What’s bad news for IT security hounds could be good news for the channel when it comes to the latest IDC Canada research on BYOD.
The bad news: over two thirds of Canadian companies still have nopolicy in place to deal with the bring-your-own-device phenomenon. Butthis wild west approach to BYOD is actually creating opportunities inthe channel as Canadian businesses look for new tools to help manageBYOD securely.
“It’s driving the need for these types of solutions, so there’s lots ofnew channel opportunities,” said Krista Napier, senior analyst andtracker team lead for mobility at IDC Canada.
In a workshop held at CDN’s recent Channel Elite Awards, Napier saidBYOD has spurred vendors and channel partners to put a greater focus ontools for multiple platform support, device monitoring, and appprovisioning.
“Those are some of the biggest channel opportunities,” Napier said.
No wonder there’s a big market opportunity there: although 69 per centof Canadian companies permit some form of BYOD (in which employees usetheir own personal mobile devices for work purposes), an equal amountof firms – 70 per cent – have no policy to manage the practice. While26 per cent of those with no policy say they plan to have one in placewithin a year, 44 per cent have no plans to enact one.
Despite the potential security risks that come with BYOD, it’s apparentfrom these numbers that Canadian businesses still aren’t dealing withthe trend appropriately. When it comes to figuring out why, Napiersuggests a huge part of the problem is the novelty of BYOD itself.
“This trend is still pretty new. It requires companies to thinkdifferently and IT managers to have to manage more different movingpieces. Tablets – which have been driving a lot of this – only launchedin the second quarter of 2010.”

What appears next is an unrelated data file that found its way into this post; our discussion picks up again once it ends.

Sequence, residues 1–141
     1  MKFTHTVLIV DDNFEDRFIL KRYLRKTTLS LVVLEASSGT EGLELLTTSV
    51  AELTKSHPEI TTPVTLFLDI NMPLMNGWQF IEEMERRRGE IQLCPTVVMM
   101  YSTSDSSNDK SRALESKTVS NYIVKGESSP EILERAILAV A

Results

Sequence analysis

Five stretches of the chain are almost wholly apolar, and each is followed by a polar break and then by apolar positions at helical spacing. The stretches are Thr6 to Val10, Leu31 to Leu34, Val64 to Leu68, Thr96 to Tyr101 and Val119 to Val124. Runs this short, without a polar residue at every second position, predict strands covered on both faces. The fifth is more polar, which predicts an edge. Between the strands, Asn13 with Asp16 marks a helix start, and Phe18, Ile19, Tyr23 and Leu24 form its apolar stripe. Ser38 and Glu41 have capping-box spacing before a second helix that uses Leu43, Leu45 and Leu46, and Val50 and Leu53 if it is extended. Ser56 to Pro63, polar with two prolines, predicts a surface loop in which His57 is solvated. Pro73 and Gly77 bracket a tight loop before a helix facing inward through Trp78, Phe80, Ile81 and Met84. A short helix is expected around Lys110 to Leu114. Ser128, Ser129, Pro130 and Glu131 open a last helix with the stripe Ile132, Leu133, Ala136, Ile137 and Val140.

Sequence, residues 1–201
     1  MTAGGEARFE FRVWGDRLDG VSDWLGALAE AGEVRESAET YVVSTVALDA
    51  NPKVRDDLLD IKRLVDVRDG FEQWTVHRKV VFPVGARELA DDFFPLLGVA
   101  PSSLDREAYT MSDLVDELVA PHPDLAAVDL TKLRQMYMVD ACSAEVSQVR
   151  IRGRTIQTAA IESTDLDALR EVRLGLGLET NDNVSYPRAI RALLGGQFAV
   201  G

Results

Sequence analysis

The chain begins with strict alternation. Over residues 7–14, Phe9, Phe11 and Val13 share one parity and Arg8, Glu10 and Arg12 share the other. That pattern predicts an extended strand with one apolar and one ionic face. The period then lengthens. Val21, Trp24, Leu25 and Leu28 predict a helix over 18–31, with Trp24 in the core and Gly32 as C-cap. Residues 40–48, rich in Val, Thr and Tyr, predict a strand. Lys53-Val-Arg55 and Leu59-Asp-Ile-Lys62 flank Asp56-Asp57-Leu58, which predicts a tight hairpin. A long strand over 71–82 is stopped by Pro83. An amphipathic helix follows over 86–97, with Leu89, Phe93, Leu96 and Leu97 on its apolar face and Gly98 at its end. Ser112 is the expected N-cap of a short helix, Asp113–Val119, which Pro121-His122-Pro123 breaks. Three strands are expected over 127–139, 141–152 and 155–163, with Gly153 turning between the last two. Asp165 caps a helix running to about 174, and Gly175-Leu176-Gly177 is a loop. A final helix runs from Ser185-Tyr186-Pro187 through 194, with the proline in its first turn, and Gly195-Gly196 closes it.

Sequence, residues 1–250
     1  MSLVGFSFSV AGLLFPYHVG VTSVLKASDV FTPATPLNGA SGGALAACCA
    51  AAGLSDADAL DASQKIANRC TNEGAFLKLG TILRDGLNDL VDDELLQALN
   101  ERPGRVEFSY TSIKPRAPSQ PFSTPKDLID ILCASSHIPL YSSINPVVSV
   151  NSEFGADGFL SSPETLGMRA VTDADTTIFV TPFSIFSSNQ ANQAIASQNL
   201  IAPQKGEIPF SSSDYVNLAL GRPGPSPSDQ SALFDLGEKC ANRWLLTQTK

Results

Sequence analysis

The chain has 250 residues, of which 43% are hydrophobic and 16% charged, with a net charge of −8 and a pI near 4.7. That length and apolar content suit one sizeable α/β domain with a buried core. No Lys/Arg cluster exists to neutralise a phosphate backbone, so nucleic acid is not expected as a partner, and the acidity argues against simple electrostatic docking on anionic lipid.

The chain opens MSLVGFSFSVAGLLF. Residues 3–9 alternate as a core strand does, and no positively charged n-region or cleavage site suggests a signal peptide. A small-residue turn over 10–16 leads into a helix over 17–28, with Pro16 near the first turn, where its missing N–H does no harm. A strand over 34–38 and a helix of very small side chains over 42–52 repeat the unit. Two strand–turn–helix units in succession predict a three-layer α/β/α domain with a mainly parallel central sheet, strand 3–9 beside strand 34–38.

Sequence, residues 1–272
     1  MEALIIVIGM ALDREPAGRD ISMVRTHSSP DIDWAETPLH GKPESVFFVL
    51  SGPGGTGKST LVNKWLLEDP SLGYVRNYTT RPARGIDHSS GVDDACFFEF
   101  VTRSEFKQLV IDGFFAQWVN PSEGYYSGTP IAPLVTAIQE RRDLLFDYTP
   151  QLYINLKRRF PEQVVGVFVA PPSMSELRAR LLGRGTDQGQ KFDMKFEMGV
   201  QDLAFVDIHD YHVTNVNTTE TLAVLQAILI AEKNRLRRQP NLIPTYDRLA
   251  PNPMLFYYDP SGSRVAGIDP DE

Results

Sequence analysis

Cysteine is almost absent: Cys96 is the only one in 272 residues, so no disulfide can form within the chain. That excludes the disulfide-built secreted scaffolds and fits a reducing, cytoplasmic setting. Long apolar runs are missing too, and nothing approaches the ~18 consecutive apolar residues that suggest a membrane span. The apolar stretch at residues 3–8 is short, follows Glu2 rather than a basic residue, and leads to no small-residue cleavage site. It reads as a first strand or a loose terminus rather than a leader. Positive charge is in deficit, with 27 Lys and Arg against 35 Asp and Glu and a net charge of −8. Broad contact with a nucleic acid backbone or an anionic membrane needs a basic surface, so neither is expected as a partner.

Another reason for the lack of BYOD policy adoption is the difficultyof managing multiple platforms and multiple types of devices, Napiersaid.
“We’re going from an environment in many businesses where these werevery much BlackBerry shops. Even in 2011 we were still seeing it as aleading platform and it’s only just very recently we’ve seen BlackBerrystruggling and these other platforms taking off and supercedingBlackBerry in enterprises.”
As companies migrate away from an official employee-wide BlackBerrydeployment to a BYOD environment where more staff are using iOS andAndroid devices for work, the situation adds IT security and managementcomplications to the mix that didn’t exist before, Napier said.
For example, if a worker uses their own personal smartphone for work,does their company have the right to automatically wipe it in the eventof loss or theft even if the employee’s personal data will be also lostin the process? In Napier’s estimation, many companies simply haven’tformulated a BYOD policy because they’re grappling with the complexityof this new multiple device, multiplatform universe.
Although the growing popularity of tablets is responsible for much ofthe BYOD trend, tablets are still being used mainly in addition to –rather than completely instead of – more traditional enterprisedevices.
“Tablets aren’t necessarily, at this point, replacing your desktop oryour netbook,” Napier said. “They’re not necessarily leading to thedeath of laptops.”
So what’s a Canadian company to do when faced with the BYOD bombardmentthese days? The good news is that as more companies move to the cloud,many of these questions and conundrums will simply evaporate over time.
“When (company) data is accessed in the cloud, it’s not sitting on thedevice. As we see more companies adopt cloud, the device will be lessimportant and BYOD will be less of an issue,” Napier said. “You stillhave to have the right solutions in place to deal with that but it justbecomes an easier proposition.”
IDC Canada’s figures are based on its regular tracker data for tabletsand mobile phones, plus its surveys of individual Canadian businesses.